Builders Find Some Relief As Lumber Drops 40% From Peak

Off the Charts: The Visual Says It All

Male and Female Construction Workers
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There’s good news for builders, if not yet for homebuyers: Lumber prices have dropped more than 40% since peaking in May, as sawmills, which slowed production during the pandemic, ramp up to meet the demands of a frenzied housing market.   

On Monday, spot (or current) lumber prices dropped below $1,000 per thousand board feet for the first time since the end of March, and were last at about $996. The record high was $1,686 on May 7, pushed up by a construction boom that increased demand for lumber at the same time mills were operating below capacity. With the reopening of the economy, lumber producers are ratcheting up their output and investing in new production. 

The chart below shows how quickly lumber prices have dropped:

The decline in lumber prices couldn’t come at a better time. For months, lumber prices had been soaring and adding to the cost of a new home. Last month, the National Association of Homebuilders estimated the tripling of lumber prices over the last 12 months alone added $35,872 to the price of an average new single-family home. The high cost of materials took a bite out of housing starts in April from March, and last week, Fannie Mae said the number of people feeling like it was a good time to buy a house fell to the lowest level since at least 2010. Despite low mortgage rates, the rising prices of homes and lack of inventory discouraged buyers.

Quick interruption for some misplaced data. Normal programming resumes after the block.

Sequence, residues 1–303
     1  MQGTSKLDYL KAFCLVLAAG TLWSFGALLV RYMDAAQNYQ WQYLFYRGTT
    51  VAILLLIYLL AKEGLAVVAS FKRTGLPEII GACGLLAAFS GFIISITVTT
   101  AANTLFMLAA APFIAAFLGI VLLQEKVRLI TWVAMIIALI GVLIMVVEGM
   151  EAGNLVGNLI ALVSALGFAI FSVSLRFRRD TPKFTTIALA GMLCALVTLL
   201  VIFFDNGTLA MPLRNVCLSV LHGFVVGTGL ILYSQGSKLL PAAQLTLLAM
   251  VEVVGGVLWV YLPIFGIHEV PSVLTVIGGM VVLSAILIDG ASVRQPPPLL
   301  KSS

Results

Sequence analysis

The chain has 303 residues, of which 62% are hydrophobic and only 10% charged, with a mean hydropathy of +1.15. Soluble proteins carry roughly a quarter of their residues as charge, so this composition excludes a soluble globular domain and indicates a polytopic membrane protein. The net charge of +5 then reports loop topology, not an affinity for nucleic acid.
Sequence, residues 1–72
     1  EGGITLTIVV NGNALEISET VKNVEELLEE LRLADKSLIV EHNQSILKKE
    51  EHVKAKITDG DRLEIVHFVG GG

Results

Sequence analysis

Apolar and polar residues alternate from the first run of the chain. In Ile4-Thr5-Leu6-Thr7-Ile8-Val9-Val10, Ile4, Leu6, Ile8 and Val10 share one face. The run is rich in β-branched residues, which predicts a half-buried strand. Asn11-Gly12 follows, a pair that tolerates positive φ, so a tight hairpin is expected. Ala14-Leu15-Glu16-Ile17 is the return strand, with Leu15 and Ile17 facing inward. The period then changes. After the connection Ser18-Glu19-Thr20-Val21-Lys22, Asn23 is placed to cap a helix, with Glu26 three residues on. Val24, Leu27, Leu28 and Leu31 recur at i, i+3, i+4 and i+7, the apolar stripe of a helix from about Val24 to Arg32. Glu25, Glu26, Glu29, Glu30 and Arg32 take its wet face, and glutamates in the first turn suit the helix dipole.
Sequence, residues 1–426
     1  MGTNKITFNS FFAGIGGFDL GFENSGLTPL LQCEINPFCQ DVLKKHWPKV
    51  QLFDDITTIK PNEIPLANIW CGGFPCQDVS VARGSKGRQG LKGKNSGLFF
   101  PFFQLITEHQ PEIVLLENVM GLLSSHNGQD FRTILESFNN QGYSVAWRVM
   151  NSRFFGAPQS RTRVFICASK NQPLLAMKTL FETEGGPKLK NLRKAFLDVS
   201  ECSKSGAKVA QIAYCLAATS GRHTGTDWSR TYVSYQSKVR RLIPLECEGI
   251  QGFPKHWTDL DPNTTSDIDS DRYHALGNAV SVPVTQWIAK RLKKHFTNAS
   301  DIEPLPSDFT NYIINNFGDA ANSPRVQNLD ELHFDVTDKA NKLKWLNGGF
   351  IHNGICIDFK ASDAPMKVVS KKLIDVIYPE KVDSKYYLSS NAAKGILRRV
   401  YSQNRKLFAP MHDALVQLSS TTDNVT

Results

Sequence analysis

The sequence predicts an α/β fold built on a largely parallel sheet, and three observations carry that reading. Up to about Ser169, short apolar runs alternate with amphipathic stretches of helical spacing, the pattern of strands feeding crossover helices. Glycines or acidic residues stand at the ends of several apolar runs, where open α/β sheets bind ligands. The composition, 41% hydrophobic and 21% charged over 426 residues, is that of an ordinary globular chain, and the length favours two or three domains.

“Higher costs and declining availability for softwood lumber and other building materials pushed down builder sentiment in June,” said National Association of Home Builders Chairman Chuck Fowke in a statement on Tuesday, after a builder sentiment index dropped to the lowest level since August 2020. “These higher costs have moved some new homes beyond the budget of prospective buyers, which has slowed the strong pace of home building.”

But with lumber pausing from its breathtaking rally,  builders may be able to start new projects. Still, consumers shouldn’t expect a break in home prices anytime soon.

“Lumber prices certainly contribute to rapidly rising home prices, but they aren’t the only reason prices are up,” Ali Wolf, chief economist at Zonda, which provides housing market and real estate research, said in an email. Builders are still “grappling with land prices, government fees, a labor shortage, and rising building material costs.” So even as builders catch a break on lumber, she warned that “buyers should not expect home prices to come down as the lumber market stabilizes.”